Residence Life launched a new system for the freshmen and sophomore housing selection process this year. Students can now earn extra campus engagement points to boost their housing appointment times.
Residence Life is experimenting with this new program in an effort to support a recent commitment by the College to increase student engagement on campus.
Assistant Director of Residence Life Lisa Gonsisko said that the process itself has not been changed, but modified.
“While keeping you in your class status, we are going to determine appointment times based on your campus engagement points,” Gonsisko said.
While scheduling appointment times, Residence Life will look at a four person group’s campus engagement points. If there is a cluster of groups with the same amount of points earned, their appointment times will be selected at random. This same system has been used in the past when there was more than one group of students with the same number of credits.
According to Gonsisko, Residence Life is experimenting with freshmen and sophomores first because they are partnering with two different committees on campus who have launched the Earn Your Wings program for underclassmen.
The idea for the new housing selection came about last spring, following the College’s renewed commitment to campus engagement. It is a way for Residence Life to promote this commitment while creating a new way to schedule housing appointment times.
Similar programs are in place at Rutgers-Newark and Seton Hall University, but those programs are not exactly identical to Ramapo’s new system. According to Gonsisko, there are few other schools that determine housing selection by credits or points. However, Gonsisko said that a lot of schools use a lottery system, which can sometimes result in freshmen getting the most desirable housing rather than upperclassmen. Some schools even use GPA and discipline measures.
Ramapo intends to use discipline as a factor for housing selection in the future, according to the directors of Residence Life.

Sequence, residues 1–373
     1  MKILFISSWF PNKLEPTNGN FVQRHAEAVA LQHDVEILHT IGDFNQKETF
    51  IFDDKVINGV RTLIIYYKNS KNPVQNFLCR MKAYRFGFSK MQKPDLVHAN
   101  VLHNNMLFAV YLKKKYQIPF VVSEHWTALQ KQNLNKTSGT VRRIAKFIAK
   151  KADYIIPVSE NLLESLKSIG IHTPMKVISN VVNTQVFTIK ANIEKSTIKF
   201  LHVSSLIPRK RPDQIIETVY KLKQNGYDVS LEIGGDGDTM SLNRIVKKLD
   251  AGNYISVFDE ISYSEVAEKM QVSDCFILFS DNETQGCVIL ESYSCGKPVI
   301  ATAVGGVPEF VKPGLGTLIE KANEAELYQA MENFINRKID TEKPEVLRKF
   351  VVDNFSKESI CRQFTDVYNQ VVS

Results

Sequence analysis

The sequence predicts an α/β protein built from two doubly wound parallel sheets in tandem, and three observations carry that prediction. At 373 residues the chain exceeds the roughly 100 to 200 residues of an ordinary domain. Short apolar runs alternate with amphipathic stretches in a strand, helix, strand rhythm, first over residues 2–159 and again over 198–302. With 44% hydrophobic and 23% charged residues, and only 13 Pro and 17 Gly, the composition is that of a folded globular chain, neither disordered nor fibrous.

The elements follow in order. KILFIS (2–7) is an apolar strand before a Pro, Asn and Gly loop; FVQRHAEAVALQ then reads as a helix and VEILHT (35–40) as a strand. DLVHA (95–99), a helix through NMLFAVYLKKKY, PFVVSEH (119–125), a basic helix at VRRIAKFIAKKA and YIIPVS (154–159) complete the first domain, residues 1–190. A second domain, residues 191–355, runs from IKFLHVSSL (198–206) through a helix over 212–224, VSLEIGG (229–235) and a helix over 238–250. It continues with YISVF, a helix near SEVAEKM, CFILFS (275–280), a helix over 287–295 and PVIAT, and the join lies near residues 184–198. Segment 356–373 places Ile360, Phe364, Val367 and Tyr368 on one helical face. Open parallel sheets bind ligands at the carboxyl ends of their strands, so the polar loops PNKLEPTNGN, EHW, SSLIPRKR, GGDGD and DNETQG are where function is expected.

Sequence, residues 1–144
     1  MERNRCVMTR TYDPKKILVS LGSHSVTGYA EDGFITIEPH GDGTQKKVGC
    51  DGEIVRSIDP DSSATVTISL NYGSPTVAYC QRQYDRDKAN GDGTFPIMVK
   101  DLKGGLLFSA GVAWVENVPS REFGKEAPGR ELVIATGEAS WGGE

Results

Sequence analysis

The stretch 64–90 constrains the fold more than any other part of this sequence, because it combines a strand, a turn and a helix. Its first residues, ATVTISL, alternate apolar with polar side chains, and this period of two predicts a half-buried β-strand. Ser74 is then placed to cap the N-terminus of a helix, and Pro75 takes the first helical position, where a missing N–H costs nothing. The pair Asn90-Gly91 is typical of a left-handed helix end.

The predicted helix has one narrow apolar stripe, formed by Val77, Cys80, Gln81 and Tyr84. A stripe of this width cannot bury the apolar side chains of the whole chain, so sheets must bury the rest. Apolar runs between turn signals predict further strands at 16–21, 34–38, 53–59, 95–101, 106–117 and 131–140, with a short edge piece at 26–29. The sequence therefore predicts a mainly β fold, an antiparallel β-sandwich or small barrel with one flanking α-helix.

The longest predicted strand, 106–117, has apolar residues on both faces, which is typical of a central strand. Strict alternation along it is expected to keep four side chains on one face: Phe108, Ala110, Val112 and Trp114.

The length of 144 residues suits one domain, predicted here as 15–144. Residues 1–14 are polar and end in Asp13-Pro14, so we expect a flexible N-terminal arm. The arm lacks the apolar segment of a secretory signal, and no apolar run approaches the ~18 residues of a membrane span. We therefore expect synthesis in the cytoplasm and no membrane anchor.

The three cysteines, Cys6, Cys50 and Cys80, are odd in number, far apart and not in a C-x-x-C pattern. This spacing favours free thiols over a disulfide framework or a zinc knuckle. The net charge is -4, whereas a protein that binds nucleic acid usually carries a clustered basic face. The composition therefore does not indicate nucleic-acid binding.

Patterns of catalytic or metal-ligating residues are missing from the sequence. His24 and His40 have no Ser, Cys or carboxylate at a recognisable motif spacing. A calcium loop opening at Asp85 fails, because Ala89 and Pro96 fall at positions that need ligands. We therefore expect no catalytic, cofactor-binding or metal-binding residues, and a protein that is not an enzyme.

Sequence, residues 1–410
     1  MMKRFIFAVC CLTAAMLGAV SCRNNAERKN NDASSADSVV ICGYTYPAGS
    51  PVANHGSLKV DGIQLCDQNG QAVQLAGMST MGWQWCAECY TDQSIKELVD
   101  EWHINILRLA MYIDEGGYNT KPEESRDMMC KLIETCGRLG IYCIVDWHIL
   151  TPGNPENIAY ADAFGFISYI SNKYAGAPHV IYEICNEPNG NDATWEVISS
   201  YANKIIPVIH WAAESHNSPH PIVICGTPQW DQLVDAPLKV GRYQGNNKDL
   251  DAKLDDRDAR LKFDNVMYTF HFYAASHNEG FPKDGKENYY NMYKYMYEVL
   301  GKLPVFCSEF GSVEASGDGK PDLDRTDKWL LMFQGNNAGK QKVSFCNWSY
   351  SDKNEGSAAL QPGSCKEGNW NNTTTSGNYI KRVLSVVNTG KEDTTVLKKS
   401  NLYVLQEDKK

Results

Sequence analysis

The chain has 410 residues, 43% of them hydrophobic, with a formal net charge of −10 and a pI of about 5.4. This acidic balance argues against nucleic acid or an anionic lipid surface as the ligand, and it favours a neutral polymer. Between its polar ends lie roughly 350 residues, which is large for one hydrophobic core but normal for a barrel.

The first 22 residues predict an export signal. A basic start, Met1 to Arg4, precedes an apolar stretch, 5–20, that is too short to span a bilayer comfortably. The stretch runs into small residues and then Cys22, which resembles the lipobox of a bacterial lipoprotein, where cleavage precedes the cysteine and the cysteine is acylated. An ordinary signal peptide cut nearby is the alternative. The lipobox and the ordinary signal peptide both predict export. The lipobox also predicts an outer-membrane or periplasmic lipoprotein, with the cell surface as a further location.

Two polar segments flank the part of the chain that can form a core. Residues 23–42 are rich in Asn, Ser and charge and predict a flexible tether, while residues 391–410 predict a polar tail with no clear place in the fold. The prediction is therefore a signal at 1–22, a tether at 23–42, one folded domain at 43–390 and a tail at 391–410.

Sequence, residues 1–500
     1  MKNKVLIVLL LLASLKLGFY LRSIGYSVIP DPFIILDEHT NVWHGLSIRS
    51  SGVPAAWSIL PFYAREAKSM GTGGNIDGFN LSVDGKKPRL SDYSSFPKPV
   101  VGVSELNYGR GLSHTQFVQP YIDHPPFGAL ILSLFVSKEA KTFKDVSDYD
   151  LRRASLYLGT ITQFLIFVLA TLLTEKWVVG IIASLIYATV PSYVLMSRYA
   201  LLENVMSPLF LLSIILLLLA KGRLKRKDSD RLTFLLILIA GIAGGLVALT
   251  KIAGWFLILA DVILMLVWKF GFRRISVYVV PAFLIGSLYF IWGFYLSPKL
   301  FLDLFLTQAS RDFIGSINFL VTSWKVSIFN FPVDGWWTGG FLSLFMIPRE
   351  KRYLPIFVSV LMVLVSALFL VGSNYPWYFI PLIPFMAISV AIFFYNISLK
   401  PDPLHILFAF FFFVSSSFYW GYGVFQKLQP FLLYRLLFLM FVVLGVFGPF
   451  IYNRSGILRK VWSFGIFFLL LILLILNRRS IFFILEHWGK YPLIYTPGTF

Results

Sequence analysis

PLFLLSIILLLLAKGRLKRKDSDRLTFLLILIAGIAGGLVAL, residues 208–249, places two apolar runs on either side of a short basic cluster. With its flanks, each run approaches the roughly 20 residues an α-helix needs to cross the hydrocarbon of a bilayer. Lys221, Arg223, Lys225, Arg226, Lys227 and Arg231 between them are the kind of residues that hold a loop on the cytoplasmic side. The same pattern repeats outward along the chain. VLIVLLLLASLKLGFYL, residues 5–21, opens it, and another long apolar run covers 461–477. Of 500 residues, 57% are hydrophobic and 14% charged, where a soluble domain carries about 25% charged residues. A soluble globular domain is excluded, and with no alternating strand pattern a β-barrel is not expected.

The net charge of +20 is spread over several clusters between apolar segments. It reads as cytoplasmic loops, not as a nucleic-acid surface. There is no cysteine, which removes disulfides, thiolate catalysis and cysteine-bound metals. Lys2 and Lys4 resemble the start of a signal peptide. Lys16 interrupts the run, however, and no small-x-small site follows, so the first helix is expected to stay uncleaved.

All residents were e-mailed a chart detailing how they can earn campus engagement points for housing selection. The three categories are on-campus residency, current campus involvement and current residence hall involvement. These categories of involvement encompass activities, such as being a member or captain of a recognized college athletic team, attending Earn Your Wings programs and being an executive board member or active member of the Residence Hall Council or Residence Hall Association for a full semester.
Ramapo graduate John Atti is in charge of tallying the points for housing selection and reading and responding to student concerns sent to email@example.com.
“Some of the things on the co-curricular transcript are used in our system, but we are not based on the CCT. Not everything on their CCT will count towards housing selection,” Atti explained.
Atti said that tallying up the points is easy, thanks to technology.
“We have hardware and software right now that as long as you go to an event and swipe in, your name is going to appear on all these different systems, and we can just get a spit out point tally,” Atti said.
It is important for students to understand that not every event or activity is swipe-based. For example, if students are on an e-board, although they do not swipe in, they will get points for their involvement. Even though students may not be aware, their attendance and involvement all over campus is being monitored.
Linda Diaz, director of Residence Life, said that this program is designed to benefit engaged students. Diaz said that when students are engaged on campus, they are more connected to the school, something Residence Life is looking to do.
“We want to have more engaged students, and I think that you are engaged by whether you are in a coveted organization, you’re in athletics, you’re going to RA programs, you’re involved in residence hall council, residence hall association on campus and so forth, you’ve lived on campus before. All of these things provide you with points,” Diaz said.
Residence Life shared this plan with the Student Government Association, who provided positive feedback and overall thought that the program was a good idea. Now, other Ramapo students are reacting to the system as they are being made aware of what will earn them points for housing selection.
Sophomore Jeff Bendett said this will definitely help the College because students will be more inclined to participate in campus activities.
“The program will benefit students who have less credits but are active on campus,” Bendett said. “It’s better because now students may be earlier in the selection process by participating on campus.”
Mike Samlall, another sophomore, is not as comfortable with the change.
“I’m not sure how I feel about the change, since I’m not too sure how some things are weighed over others yet. For example, going to the club fair versus serving on an e-board,” Samlall said.
Samlall added that he does think the change will help get more people involved on campus.
“It’d be nice if you didn’t just swipe in, but also swipe out, so that people would have to stay or otherwise get five minutes of credit,” Samlall said.
With 2,754 residents currently on campus, it is hard to find a process on which everyone agrees. According to the directors of Residence Life, most schools have complaints about housing because there is always somebody unhappy.
Residence Life is using this year as the pilot year for the program, and the office is hoping to work out any kinks in the program before it is to be approved for next year.